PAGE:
Over the last decade streaming has changed the industry, some for the good and some for the bad. But its current model isn’t entirely sustainable.
On 16th February 2012, a show called Lilyhammer was launched on Netflix, becoming the first original series to stream on the service. Back then the number of subscribers Netflix had was reportedly 23 million. As of the first quarter of 2023, the number had jumped to 232.5 million. An increasing number of streaming platforms have emerged since then, taking over the industry, like Amazon Prime Video(reported to have more than 200 million subscribers in 2021), Apple TV+ (25 million subscribers as of March 2022) and Disney+ (157.8 million subscribers as in the second quarter of 2023). Now, you didn’t have to for a week to watch the next episode of your favourite at the preordained time of the telecast. You could now watch while travelling to work on a metro or even while taking the dump. And who wouldn’t take that bargain.
This shift within the industry happening for years now was only accelerated by the COVID-19 lockdown, with studios pivoting towards streaming. Hunkered in their houses, all people could go was bake endless loafs of sourdough or binge The Queen’s Gambit(that is when they were not binging any other show with royalty in its title-The Tiger King or The Crown). Even after the reopening of movie-theatres, the focus has remained on streaming, with many films including the The Fabelsman and Glass Onion, getting limited theatrical release before being made available online. It’s effects are a mixture of good and bad for the creatives. While it has gotten harder to commission content, these services do back up projects that perhaps would not have been picked by the traditional networks and studios, including the wide range of foreign-language TV and movie that are starting to get more global attention. This period of rise in streaming also heralded the era of Peak TV, where viewers were inundated with artisanal and critically acclaimed programming. The number of originally scripted stories exploded from 210 in 2009 to 599 in 2022. But it was a bubble that was bound to burst and now has.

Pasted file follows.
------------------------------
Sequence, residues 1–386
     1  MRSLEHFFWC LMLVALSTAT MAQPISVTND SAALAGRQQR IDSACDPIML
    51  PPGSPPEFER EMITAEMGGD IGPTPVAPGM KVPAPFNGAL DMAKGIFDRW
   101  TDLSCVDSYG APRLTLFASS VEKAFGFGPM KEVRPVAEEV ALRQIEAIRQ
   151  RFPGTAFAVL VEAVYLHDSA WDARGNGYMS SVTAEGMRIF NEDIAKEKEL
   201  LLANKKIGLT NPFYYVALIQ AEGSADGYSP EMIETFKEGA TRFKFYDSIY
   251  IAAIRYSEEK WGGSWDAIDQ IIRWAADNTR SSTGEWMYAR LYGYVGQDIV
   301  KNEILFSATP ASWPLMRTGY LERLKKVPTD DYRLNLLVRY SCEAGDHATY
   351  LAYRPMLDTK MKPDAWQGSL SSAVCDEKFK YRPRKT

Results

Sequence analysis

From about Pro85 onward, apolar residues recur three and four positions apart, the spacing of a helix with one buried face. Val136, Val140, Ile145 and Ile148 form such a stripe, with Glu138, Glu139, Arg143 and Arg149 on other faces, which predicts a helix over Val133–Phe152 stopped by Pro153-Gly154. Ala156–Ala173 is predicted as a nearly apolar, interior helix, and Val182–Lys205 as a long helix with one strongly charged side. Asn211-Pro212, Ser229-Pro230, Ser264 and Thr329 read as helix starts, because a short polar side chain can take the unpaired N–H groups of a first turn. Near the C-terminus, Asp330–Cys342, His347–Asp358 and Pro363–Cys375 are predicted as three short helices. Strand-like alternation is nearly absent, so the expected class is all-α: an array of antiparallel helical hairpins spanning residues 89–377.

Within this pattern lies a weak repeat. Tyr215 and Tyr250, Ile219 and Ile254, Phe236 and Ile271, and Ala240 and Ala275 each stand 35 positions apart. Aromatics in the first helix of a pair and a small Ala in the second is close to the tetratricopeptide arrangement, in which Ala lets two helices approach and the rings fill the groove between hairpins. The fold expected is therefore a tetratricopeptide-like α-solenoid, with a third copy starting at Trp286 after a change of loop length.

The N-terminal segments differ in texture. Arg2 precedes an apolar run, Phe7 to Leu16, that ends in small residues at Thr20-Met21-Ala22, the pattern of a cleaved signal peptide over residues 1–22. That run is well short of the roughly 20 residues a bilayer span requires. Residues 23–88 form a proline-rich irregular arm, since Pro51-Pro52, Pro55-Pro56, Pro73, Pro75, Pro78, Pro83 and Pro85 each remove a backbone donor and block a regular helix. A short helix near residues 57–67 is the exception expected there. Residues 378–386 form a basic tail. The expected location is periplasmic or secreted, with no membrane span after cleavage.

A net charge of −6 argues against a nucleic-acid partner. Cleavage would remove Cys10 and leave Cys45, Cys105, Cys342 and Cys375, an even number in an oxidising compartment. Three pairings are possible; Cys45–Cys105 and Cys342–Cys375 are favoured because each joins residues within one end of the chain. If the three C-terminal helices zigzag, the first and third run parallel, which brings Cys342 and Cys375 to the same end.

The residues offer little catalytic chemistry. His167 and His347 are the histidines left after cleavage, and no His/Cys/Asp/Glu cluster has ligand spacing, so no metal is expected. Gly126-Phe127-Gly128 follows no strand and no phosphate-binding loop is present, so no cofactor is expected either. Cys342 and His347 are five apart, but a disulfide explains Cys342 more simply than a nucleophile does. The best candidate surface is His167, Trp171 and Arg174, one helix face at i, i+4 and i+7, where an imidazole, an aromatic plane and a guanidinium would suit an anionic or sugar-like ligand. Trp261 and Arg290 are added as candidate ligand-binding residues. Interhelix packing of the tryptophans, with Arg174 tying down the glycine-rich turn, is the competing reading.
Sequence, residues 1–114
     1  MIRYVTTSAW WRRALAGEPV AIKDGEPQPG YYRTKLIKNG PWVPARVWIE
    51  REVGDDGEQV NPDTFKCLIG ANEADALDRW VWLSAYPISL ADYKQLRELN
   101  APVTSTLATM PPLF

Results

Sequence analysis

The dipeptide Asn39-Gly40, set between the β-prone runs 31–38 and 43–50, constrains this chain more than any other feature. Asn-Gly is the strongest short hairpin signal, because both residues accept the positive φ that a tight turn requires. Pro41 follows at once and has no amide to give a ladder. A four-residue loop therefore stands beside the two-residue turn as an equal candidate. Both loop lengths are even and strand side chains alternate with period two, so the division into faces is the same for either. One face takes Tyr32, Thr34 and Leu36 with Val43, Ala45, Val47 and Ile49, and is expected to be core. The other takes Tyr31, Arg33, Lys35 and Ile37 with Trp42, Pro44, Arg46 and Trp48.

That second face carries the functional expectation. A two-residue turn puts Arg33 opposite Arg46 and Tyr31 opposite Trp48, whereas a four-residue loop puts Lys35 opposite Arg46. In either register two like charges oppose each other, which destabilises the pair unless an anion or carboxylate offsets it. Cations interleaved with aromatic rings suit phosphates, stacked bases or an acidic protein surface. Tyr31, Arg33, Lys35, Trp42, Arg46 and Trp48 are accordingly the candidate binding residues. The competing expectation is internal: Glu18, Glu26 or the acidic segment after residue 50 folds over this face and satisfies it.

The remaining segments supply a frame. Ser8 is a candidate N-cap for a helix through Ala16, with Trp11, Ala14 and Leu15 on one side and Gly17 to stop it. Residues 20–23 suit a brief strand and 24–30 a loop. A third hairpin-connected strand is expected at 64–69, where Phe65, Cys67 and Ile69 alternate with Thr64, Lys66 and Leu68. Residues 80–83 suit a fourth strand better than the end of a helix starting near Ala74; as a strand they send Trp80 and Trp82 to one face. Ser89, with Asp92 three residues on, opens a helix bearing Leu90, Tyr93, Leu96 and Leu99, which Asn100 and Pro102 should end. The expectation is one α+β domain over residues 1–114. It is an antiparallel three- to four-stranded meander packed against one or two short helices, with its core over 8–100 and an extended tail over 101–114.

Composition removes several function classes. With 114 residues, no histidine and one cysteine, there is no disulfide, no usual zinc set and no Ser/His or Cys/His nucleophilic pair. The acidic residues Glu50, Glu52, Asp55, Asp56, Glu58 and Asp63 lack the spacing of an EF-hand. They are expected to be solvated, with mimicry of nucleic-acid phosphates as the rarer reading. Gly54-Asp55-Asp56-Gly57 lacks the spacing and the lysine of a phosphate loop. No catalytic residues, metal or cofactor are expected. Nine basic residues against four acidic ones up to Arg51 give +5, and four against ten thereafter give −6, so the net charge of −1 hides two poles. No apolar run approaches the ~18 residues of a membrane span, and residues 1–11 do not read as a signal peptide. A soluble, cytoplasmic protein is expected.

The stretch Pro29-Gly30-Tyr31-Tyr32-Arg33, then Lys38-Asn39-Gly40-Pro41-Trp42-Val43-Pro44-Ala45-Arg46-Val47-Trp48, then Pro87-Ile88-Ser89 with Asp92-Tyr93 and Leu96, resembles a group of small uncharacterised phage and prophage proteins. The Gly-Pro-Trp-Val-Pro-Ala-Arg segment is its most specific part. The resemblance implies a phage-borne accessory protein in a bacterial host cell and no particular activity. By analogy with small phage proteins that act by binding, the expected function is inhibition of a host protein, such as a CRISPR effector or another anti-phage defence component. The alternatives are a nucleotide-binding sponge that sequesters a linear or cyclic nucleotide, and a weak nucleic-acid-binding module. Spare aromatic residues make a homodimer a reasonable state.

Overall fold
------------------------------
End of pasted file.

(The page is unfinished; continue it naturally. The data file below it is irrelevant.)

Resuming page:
In April 2022, Netflix announced that it had lost subscribers. The recent downturn in the media has forced streamers to cut back on the spending and turn a profit. They have thrown out entire series from their libraries and some have even cancelled shows that had finished productions on entire seasons. And the effects on the creative labour has been damaging.
On April 18 this year, 97.8% of the members of the Writers Guild of America voted to go on strike if they failed to reach a satisfactory agreement with the Alliance of Motion Picture and Television Producers. On May 2, 2023 the members of the guild started picketing at 1:00 pm. The main issues raised in the strike are of diminishing residuals, fewer number of writers in the room and fear of being replaced by AI.
The rise of streaming has led creation of mini-rooms where fewer number of writers are employed for shorter durations, eviscerating chances for writers to make a steady living by working on a show. It has also reduced the opportunities available to younger and newer talent to gain experience. It has alarmed the creatives further with reduction of residuals over the years. As streamers have grown, the residuals have fallen. While they are still paid residuals, they are incomparable to the ones they receive from TV channels. Sean Collins Smith, a writer for Chicago P.D, while talking to NPR said,
“I mean, my show on streaming, if I got a residual check for that-I’m not even kidding-it might be $5, $50, $100 if that.”
Despite it all, streaming also led to some of biggest strides in the industry, giving a platform to diverse and newer voices, that used to get drowned out by the old status quo. The solution to the problems created by streaming cannot be to go back to old ways despite how much the older established artists might like to throw around the term “back in our day” before regaling about the “glory days”. But the streaming model being followed right now is clearly unsustainable. The writer’s strike has been going on for 2 months now and is showing no sign of stopping. In June, more than 300+ members of SAG-AFTRA, including A-listers such as Meryl Streep and Jennifer Lawrence, in a letter to union leadership said that they were ready to strike if a “transformative deal” was reached.
Julie Plec, creator of The Vampire Diaries, told Vulture,
“It’s not like just returning to the old status quo is the answer. We’re at the center of the tornado right now, and it seems like it’s whipping all around us, and I don’t think anybody really understands how to make it stop.”
Image Source: The Hindu